Have you heard of the oligodynamic effect and are wondering how it works? In this post, we explain the nature of the oligodynamic effect, the science behind it, and the practical implications for your day to day. Read on to learn more about this amazing natural phenomenon!
Remember when doorknobs were made from copper or brass and cutlery was made from silver? As it turns out, these frequently touched items were made from these metals quite deliberately and for a very good reason. In this blog post, we’ll describe the amazing anti-bacterial properties of copper which are a result of a natural phenomenon known as the “oligodynamic effect”.
Copper has been used since ancient times to disinfect and purify water. In addition, several recent studies have established that copper surfaces may have practical applications in healthcare as well as in the food industry. Copper is an essential element in the human diet and is considered safe for humans when consumed at low levels. However, while humans are not susceptible to copper, microorganisms such as harmful bacteria are very sensitive to the presence of copper, and, in fact, show rapid inactivation when exposed to copper surfaces. As a result, copper pitchers can be very effective at purifying water and eliminating water-borne pathogens.
Various studies have shown that water pitchers made from copper were effective at removing bacteria from water. For example, in one recent study scientists studied the effect of a copper pitcher on drinking water contaminated with dangerous bacteria including E.coli and salmonella. The scientists stored the contaminated water in the copper pitchers for 16 hours at room temperature, and to their amazement, were later unable to recover any bacteria from the water.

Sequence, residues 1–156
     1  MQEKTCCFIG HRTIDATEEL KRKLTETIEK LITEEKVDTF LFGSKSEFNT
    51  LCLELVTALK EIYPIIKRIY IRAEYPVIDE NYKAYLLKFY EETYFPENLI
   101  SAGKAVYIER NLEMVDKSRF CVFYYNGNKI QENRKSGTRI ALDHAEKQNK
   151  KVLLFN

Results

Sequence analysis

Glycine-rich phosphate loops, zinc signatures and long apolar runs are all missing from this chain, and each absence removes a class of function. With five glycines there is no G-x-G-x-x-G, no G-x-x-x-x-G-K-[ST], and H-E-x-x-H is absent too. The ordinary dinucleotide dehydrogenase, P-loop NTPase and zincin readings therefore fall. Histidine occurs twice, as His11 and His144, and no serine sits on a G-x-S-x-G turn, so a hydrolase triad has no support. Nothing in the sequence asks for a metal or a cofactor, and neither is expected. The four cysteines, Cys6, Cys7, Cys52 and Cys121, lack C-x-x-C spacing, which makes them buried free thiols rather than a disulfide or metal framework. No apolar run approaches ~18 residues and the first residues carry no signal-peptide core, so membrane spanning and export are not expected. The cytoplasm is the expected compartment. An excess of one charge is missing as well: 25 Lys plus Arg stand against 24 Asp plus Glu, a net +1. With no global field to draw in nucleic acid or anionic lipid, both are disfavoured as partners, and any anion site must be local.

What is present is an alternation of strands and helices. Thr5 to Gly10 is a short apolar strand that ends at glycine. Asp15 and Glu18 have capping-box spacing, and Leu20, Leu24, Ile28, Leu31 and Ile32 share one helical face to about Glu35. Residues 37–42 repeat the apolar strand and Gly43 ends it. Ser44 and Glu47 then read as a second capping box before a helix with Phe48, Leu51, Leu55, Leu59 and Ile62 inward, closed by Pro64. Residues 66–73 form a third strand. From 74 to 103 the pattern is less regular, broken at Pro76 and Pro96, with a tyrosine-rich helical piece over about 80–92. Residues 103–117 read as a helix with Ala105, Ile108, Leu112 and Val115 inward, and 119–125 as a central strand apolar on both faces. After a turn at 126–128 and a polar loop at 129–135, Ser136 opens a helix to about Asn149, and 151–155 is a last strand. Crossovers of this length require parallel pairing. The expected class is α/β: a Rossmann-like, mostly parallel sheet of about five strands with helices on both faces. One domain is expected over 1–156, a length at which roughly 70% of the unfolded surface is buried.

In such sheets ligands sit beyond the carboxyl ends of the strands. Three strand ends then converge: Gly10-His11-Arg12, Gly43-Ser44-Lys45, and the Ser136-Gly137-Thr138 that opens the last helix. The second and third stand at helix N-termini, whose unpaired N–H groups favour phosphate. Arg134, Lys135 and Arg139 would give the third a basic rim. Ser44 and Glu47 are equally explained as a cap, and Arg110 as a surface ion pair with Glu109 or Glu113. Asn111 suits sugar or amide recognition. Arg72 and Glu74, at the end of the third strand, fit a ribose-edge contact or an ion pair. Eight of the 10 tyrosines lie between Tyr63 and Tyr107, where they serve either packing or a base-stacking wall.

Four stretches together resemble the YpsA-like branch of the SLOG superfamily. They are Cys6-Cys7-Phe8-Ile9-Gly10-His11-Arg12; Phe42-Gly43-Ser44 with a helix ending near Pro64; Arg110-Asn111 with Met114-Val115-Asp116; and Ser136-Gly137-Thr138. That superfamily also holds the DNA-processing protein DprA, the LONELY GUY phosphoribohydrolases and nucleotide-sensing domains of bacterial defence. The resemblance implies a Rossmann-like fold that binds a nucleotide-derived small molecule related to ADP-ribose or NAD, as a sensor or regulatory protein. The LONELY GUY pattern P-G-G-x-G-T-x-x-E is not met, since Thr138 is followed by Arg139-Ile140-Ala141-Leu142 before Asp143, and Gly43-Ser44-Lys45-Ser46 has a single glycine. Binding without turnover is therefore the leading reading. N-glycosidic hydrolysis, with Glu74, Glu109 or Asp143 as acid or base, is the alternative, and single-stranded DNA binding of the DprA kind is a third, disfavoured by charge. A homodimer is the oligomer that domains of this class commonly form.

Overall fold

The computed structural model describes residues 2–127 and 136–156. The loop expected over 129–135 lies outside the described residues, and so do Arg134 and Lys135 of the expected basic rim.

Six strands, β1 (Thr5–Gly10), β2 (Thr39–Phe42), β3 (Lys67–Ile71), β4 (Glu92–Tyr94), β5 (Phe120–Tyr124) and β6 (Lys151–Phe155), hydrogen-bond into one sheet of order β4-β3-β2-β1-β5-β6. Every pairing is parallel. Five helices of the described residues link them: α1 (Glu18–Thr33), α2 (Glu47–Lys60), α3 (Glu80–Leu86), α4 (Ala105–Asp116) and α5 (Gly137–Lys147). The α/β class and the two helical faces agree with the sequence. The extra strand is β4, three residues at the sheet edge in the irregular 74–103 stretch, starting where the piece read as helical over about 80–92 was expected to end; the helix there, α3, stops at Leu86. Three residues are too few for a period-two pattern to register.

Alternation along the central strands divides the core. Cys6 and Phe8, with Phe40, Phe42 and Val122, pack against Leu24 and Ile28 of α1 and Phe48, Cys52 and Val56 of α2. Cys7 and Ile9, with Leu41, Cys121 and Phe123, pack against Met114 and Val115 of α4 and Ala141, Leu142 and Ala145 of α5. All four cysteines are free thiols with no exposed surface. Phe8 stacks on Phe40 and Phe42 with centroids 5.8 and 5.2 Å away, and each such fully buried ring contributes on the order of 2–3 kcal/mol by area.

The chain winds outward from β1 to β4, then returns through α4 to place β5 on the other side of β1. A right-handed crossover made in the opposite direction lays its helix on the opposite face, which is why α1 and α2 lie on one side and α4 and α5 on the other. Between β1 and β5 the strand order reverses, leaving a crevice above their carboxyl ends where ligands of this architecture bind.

In another recent study, researchers studied the best method to remove biological contamination from drinking water for domestic use. In particular, the researches stored contaminated drinking water in a variety of different water pitchers made from copper, silver, clay, and plastic. The study revealed that the copper pitcher was the most effective at removing the bacteria in the water and that there was a very significant inhibitory effect on the bacteria after only a few hours of storage in the copper pitcher.
In yet another recent study, scientists contaminated water with bacteria and then stored the water overnight at room temperature in both copper water pitchers and glass bottles. When examined in the morning, the bacteria was no longer present in the water that had been stored in the copper water pitchers, although the bacteria was present in the water stored in the glass bottles.
This phenomenon is known as the oligodynamic effect, which one recent study defines as “the ability of small amounts of heavy metals to exert a lethal effect on bacterial cells.” In particular, certain metals including copper have been found to effectively sterilize themselves after a certain period of time, which makes them ideal metals for water pitchers and doorknobs. Copper is a unique metal in this regard, as certain other metals, such as stainless steel and aluminum, do not have a significant effect on harmful bacteria.
But how does the oligodynamic effect work? While the mechanism is not yet fully understood by modern science, studies suggest that copper ions cause membrane damage to bacteria by affecting the protein in the bacteria’s cell walls thereby resulting in their precipitation and inactivation.
The results of these studies support the ancient ayurvedic practice of storing water in copper vessels. Significantly, the U.S. Environmental Protection Agency has registered copper as the only solid surface material able to kill bacteria that may pose a threat to human health. As a result, copper is now being considered in further applications where bacteria control is a concern, such as hospitals. In fact, many hospitals have begun equipping their patient rooms and operating rooms with copper alloy surfaces, replacing bed rails, tables, and door knobs. In fact, studies have shown that such changes can help reduce the number of healthcare-acquired infections in patients by more than half.
The next time you touch a stainless steel doorknob, be warned that this metal can be a major source of bacteria, some surviving for more than a month. In fact, recent studies of hospital doorknobs have found that copper doorknobs impeded bacterial growth, while aluminum and stainless steel permitted bacteria to run wild. In fact, within 15 minutes the copper doorknob had already partially disinfected itself. Perhaps copper doorknobs will become popular once again, all thanks to the ogliodynamic effect.